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EASTBIO Structure-driven dissection and inhibition of mitotic regulators in the fungal pathogen Cryptococcus neoformans

School of Biological Sciences

Prof K Hardwick , Dr J Arulanandam Wednesday, January 06, 2021 Competition Funded PhD Project (Students Worldwide)

About the Project

Cryptococcus neoformans is an understudied fungus with a fascinating life cycle, forming polyploid Titan cells during infection in a bid to evade the immune system. It kills hundreds of thousands of immune-compromised AIDS patients each year, mainly in Africa.
We study mitosis and chromosome segregation, with a particular focus on the spindle checkpoint and error correction pathways. This checkpoint control monitors interactions between chromosomes and the mitotic spindle and delays mitotic progression until all pairs of sister chromatids are attached appropriately to spindle microtubules. The checkpoint provides time for the error-correction machinery (such as Aurora B and the chromosomal passenger complex) to resolve inappropriate kinetochore-microtubule attachments. Mps1 and Bub1 kinases are central players in the spindle checkpoint, but also have roles in error-correction and are candidate drug targets. You will express, purify, crystallise and solve the structures of important mitotic regulators, such as highly conserved domains of CnBub1, Mps1, Aurora or Sgo1. Structures will be used to screen for and identify small molecule inhibitors of fungal kinases. Lead compounds have already been developed for their human homologues.

Typically, Mps1 activation at unattached kinetochores triggers checkpoint signalling early in mitosis. We have found that Mps1 overexpression is sufficient to activate the Cryptococcus checkpoint, to recruit Bub1 to kinetochores and to arrest cells in metaphase.
You will carry out in vivo structure-function studies on one or more mitotic regulators. CRISPR-mediated genome engineering will be employed to determine the consequences of specific mutations in conserved domains. How do they impact yeast viability, Titan cell formation, polyploidy and aneuploidy? Small molecule inhibitors will be screened for, that produce similar loss of function phenotypes.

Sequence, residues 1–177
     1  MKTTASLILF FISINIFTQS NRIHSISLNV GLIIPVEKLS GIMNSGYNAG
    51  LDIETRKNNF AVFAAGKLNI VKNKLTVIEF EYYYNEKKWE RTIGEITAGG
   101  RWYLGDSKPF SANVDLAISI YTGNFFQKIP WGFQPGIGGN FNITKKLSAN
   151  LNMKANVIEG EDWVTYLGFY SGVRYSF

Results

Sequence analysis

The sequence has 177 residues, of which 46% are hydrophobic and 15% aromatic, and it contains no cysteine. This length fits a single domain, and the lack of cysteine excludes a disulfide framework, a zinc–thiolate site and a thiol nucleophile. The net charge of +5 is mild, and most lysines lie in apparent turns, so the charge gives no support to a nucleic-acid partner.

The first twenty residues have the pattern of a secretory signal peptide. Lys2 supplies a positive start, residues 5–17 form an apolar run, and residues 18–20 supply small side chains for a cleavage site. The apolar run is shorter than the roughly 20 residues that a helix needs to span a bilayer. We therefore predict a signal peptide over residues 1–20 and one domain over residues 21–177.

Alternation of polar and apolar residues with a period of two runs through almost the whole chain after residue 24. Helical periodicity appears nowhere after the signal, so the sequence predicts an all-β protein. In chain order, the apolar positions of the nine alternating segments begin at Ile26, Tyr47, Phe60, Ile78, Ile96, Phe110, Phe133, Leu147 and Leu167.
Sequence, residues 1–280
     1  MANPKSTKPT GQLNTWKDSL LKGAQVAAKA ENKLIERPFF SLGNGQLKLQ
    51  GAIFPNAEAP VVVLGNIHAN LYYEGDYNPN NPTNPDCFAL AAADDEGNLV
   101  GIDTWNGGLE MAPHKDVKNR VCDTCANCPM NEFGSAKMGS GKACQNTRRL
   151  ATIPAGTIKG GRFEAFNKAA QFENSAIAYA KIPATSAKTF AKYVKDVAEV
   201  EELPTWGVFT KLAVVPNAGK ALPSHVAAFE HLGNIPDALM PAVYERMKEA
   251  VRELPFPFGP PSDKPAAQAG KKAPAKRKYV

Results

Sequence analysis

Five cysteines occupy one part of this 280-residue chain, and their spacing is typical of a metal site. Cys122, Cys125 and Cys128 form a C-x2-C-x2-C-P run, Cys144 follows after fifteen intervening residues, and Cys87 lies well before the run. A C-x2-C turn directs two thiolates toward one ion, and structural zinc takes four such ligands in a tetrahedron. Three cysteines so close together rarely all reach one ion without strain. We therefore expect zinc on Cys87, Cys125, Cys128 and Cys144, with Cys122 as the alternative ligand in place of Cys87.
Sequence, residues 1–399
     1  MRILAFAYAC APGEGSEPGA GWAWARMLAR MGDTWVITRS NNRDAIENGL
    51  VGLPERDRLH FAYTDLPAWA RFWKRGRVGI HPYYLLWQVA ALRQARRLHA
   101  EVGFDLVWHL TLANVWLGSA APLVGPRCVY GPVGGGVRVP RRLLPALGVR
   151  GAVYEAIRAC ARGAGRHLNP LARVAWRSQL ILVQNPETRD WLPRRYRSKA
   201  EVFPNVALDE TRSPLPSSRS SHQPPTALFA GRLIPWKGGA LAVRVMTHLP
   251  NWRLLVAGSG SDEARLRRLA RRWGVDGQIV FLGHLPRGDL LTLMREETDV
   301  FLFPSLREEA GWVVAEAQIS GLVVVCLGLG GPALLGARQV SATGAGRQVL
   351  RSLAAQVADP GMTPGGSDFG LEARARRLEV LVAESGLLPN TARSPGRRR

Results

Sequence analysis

Skills developed:
Recombinant protein purification, crystallisation and structure determination
In silico modelling and docking
In vitro validation of inhibitor hits using biophysical binding studies
In vitro kinase assays
Purification of protein complexes from yeast cells, analysis via mass spectrometry
CRISPR-mediated genome engineering and molecular genetics in Cryptococcus neoformans
Quantitative live-cell fluorescent imaging, with microfluidics
Quantitative in vitro titan cell formation assay and in vivo infectivity assays.
Synthetic biology: engineering of a chemically-induced (abscisic acid) cell cycle block.

The School of Biological Sciences is committed to Equality & Diversity:

How to Apply:
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Funding Notes

This 4 year PhD project is part of a competition funded by EASTBIO BBSRC Doctoral Training Partnership View Website. This opportunity is open to UK and International students and provides funding to cover stipend and UK level tuition fees. The fee difference will be covered by the University of Edinburgh for successful international applicants. Please refer to UKRI website (View Website) and Annex B of the UKRI Training Grant Terms and Conditions (View Website) for full eligibility criteria.


(1) London, N. and Biggins, S. (2014). Signalling dynamics in the spindle checkpoint response. Nature Reviews Mol Cell Biology, 15, 736-747.

(2) Yuan, I., Leontiou, I., Amin, P., May, K.M., Chafraidh, S.S., Zlamalova, E. and Hardwick, K.G. (2017). Generation of a spindle checkpoint arrest from synthetic signalling assemblies. Current Biology 27, 137-143.

(3) Dambuza, I.M., Drake, T., Chapuis, A., Zhou, X., Correia, J., Taylor-Smith, L., LeGrave, N., Rasmussen, T., Fisher, M.C., Bicanic, T., et al. (2018). The Cryptococcus neoformans Titan cell is an inducible and regulated morphotype underlying pathogenesis. PLoS Pathogens 14, e1006978.
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